Picture 4 we’ve called “Seeing through tears” – and again, it’s a picture by Jeni Bump. She actually painted it some years ago and she entitled it “Caught in a loop” but when we came to select which pictures would finally be appearing, it was one we chose because it seemed to be the way someone’s vision would look when they are crying – it has that indistinctness. And yet, as I looked at the picture, I could see the figure of a person in it.
The particular part of the resurrection story with Mary Magdalene is that she is so upset that, even though she meets the risen Jesus, she has so many tears that she can’t see clearly who he is. And of course she’s not expecting him to be alive and present with her.
Jeni keeps the original picture in her kitchen – it’s certainly much smaller than the picture board we have it on, in the exhibition – and when we talked about it on the phone, she hadn’t noticed the figure in the picture, even though she had the picture in her kitchen and saw it every day, many times. So she went to look at it closer. And where I’m seeing the figure is about the middle of the picture, at the top – it has dark hair, a pale face, and an elbow jutting out in an orange top – about the middle of the picture and slightly over to the left.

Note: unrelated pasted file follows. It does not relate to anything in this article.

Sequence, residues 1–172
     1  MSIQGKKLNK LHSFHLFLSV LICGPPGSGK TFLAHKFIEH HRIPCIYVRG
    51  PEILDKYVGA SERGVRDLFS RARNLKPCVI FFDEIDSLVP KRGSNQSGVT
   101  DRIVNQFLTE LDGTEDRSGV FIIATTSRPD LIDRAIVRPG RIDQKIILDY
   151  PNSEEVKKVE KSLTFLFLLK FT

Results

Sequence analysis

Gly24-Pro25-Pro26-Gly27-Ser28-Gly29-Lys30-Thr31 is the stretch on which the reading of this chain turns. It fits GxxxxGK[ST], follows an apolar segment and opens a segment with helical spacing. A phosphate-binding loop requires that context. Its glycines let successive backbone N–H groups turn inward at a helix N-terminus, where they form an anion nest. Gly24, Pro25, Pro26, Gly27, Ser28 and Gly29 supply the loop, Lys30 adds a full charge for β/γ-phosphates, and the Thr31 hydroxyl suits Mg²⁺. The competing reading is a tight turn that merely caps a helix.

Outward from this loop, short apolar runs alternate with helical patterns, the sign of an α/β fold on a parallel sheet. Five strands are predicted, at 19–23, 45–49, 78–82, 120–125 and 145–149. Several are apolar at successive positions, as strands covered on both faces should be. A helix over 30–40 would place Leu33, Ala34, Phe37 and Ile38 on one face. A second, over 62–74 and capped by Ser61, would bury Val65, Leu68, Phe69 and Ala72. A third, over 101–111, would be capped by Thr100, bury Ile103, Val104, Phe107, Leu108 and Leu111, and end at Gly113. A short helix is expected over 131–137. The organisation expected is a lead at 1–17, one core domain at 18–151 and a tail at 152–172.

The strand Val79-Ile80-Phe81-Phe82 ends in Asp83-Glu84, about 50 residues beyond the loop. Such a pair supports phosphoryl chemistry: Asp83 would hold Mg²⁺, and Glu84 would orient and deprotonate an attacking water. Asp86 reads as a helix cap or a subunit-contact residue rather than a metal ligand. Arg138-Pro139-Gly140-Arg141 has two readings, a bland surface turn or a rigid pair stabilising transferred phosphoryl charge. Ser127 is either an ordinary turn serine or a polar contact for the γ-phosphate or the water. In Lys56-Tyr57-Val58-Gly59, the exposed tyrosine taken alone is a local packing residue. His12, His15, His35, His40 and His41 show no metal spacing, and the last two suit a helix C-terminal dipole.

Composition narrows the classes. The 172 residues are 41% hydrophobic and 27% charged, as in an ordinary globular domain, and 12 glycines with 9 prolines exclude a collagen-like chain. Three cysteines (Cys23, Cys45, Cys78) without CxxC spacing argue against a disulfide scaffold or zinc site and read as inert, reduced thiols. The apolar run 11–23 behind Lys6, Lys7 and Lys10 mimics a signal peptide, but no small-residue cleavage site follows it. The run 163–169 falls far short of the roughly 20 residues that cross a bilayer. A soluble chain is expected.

The other thing which seems to suit the story of what is going on in this part of the Resurrection story are the loops which you can see on the right hand side of the picture. They’re shaped like rocks – and in a sense, Christ was placed in a tomb of solid rock, but yet broke free from it – and those block shapes are not solid, they’re transparent, you can see through them. And they also look like a bit like tears – in that they would be transparent and you could see through them.
When I was talking to Jeni on the phone, she liked what I was saying and the interpretation and was very happy for that to be included on this talking accompaniment to the exhibition.
So we picked this picture to represent the tears of Mary Magdalene and how she does not realise at first that the figure is not just the gardener, but Jesus Christ, who she is seeking.